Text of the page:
In an unusual cascading policy error, which has been repeated in Sri Lanka CPC has in the past funded its losses with dollar debt when the central bank prints money to create forex shortages, with the utility also barred from buying dollars.
As a result the CPC ran massive ‘Nick Leeson losses’ each time the currency collapses due to money printing. In the 2018 money printing cycle, it ran up dollar debt when the central bank printed money and a massive forex loss when the rupee collapsed.
Unlike the regulated prices of the CEB, the CPC whose pricing is under the control of the Treasury has made multiple price hikes as money printing depreciated the rupee and global prices went up in the intervening period.
The CPC has in the past also kept furnace oil to CEB fixed, when global prices fell.
The CEB has overdue payments of 91 billion rupees to Ceylon Petroleum Corporation.
“By April – May 2020, CEB had to settle around 86 billion rupees for the fuel they purchased,” CPC Chairman Sumith Wijesinghe told reporters.
“With the Covid situation, the Finance Ministry provided 50 billion rupees to the CEB to settle their debts. CEB used some of that money to settle the debt to us and with that the debt decreased to around 41- 45 billion rupees in 2020.
“But in 2021, with the amount they purchased on credit, now have a debt of 91 billion rupees’ debt to the CEYPETCO. We were discussion on how they can settle this. But now we are discussing on how to get the diesel to the CEB.”
Wijesinghe said, despite the debt, CEYPETCO will provide the necessary amount of diesel to generate power for the next four days; however they have asked the CEB to provide money to purchase diesel they want in future weeks.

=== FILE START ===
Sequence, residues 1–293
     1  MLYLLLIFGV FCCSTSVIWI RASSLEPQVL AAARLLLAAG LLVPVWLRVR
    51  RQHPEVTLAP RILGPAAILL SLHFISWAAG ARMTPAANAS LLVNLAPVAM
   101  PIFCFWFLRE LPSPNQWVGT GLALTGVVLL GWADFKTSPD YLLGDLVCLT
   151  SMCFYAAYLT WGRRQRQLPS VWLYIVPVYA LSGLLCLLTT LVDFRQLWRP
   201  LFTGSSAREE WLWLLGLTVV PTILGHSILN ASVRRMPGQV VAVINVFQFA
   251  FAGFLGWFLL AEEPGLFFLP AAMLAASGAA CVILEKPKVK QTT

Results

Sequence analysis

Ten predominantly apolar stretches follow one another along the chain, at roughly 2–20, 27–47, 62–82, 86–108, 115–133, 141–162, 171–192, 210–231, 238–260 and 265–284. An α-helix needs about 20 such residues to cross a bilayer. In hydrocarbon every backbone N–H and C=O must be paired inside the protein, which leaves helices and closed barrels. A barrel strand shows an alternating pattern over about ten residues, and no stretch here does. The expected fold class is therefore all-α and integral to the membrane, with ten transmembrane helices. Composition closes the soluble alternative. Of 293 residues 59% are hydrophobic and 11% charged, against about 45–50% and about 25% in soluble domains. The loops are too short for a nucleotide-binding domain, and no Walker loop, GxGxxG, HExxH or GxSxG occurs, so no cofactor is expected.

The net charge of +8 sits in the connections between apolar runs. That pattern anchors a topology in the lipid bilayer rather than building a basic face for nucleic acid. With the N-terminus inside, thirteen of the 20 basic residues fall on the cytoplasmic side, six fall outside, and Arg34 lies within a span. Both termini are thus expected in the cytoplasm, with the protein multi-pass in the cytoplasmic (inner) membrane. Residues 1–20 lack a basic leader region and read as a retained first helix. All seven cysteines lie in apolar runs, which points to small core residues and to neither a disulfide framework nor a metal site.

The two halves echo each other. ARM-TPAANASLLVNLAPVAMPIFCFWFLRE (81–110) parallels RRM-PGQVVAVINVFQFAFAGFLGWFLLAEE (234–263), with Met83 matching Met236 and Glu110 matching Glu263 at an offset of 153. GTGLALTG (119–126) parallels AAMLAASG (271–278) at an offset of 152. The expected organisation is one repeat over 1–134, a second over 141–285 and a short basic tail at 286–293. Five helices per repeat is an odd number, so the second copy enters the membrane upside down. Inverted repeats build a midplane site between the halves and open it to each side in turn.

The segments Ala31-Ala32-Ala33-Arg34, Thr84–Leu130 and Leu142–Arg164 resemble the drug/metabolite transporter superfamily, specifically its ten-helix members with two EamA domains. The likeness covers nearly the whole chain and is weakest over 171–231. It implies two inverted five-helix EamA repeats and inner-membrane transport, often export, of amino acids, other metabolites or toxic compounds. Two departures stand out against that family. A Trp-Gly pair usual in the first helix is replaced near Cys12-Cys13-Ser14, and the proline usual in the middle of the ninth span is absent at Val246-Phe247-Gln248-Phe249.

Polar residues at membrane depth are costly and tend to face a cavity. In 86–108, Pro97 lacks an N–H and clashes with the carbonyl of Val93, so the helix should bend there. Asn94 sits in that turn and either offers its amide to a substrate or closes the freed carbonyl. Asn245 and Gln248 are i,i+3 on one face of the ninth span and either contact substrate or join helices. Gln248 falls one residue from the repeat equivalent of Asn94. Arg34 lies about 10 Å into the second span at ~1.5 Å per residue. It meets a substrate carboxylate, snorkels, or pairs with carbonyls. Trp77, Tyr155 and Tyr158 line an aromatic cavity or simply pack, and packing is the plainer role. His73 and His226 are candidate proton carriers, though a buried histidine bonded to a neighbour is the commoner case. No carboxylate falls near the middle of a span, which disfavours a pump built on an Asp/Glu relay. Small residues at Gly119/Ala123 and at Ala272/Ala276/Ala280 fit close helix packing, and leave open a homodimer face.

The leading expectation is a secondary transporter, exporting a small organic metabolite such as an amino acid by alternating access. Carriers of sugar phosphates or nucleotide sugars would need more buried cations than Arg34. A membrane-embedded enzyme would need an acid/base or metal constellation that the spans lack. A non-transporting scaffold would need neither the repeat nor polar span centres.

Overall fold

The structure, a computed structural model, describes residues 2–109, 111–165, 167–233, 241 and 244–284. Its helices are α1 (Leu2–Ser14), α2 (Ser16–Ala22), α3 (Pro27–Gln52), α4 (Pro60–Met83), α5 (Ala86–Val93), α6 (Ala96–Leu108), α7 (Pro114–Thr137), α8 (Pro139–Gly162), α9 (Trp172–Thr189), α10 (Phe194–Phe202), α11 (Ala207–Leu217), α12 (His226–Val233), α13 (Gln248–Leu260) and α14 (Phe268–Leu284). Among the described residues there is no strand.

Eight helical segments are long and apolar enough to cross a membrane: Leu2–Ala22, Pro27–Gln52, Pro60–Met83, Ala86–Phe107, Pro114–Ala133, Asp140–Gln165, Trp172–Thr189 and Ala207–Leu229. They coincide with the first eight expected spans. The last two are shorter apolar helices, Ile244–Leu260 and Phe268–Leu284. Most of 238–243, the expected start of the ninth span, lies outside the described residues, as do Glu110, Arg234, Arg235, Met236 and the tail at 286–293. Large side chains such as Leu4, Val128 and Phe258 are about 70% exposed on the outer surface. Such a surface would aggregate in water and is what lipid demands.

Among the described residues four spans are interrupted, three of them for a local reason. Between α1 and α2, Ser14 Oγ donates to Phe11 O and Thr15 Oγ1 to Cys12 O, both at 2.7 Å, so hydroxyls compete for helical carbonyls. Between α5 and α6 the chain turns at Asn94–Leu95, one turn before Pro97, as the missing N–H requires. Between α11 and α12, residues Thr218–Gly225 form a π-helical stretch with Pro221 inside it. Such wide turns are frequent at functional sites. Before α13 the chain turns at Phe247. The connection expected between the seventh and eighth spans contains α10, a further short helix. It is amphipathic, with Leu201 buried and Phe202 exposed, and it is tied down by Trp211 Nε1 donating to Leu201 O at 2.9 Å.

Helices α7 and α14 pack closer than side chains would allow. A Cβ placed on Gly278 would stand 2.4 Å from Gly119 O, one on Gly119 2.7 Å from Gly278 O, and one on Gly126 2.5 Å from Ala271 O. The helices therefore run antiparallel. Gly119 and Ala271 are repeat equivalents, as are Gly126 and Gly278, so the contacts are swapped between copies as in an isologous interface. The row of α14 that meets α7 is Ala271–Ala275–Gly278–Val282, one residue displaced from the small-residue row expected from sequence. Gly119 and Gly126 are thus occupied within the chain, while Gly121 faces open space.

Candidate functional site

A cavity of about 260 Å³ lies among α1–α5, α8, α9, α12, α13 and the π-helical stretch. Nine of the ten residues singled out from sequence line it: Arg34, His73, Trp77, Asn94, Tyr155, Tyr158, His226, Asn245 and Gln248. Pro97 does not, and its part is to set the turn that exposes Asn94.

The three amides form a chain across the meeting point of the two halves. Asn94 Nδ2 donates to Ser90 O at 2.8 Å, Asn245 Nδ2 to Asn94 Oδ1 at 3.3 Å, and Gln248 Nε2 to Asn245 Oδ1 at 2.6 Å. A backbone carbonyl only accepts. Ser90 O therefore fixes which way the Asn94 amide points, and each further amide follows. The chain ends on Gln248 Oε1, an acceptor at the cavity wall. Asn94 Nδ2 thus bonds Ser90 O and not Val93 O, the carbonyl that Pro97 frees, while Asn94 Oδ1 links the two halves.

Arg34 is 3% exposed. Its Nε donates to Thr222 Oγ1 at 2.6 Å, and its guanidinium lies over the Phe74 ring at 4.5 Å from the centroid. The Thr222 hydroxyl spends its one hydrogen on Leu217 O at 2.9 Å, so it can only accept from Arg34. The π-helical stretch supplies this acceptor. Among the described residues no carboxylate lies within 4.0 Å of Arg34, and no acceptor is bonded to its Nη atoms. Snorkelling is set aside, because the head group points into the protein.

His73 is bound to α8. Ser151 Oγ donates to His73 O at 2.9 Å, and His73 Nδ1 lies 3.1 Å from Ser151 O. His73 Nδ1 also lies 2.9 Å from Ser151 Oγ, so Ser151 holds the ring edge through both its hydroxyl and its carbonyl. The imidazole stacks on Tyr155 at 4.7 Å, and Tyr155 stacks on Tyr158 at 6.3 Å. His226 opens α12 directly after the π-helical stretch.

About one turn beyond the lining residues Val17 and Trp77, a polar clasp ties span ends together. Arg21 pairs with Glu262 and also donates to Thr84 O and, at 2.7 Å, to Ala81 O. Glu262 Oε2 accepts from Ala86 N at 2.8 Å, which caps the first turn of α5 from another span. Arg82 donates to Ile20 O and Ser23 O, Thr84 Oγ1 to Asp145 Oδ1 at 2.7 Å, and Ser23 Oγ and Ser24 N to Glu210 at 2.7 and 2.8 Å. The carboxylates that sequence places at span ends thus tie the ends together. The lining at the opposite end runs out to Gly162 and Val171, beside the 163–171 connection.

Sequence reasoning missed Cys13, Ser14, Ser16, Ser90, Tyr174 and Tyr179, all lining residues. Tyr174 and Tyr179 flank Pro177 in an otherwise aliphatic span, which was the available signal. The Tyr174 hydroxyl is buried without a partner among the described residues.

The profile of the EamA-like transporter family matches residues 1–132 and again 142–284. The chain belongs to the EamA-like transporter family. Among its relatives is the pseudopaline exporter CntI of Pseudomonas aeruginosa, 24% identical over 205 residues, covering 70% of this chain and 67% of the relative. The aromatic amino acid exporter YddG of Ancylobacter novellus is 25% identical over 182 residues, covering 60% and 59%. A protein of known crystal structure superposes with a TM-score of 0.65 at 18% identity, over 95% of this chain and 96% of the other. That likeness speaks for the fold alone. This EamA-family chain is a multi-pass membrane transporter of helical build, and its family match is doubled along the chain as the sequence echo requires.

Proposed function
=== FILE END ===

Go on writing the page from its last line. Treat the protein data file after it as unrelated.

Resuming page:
“Today to import one litre of diesel it cost 146 rupees. But we sell it to 121 rupees, even for the CEB. So we are having a loss of 25 rupees per litre when selling,” Wijesinghe said.
“CEB is also running on loss when they sell electricity. So they have to calculate how much money is needed to import diesel and the loss will make by both state owned companies.”
Wijesinghe said, CEYPETCO is supplying 1500 metric tons of diesel per day for electricity generation.
Not Original Plan
However the state-run Ceylon Petroleum Corporation said the CEB had not originally asked for furnace oil in January 2021. CPC had earlier shut down its refinery saying furnace oil was not required.
“The CEB plan for the January, 2022, was to generate power through hydro, solar wind and coal,” Ceylon Petroleum Corporation Chairman Sumith Wijesinghe told reporters.
“That was their expectation. However, with the sudden break down in Norochcholai coal power plant, 300 MegaWatts of power was lost to the main grid.
“To fulfill that they needed to start the Kelanitissa power plant. That is why a demand for fuel increased.”
Sri Lanka has been facing sporadic power cuts as fuel to the Kelanissa Combined Cycle Plant ran out. On Tuesday a gas turbine also tripped due suspected low fuel pressure.
(Colombo/ Jan 14/2021)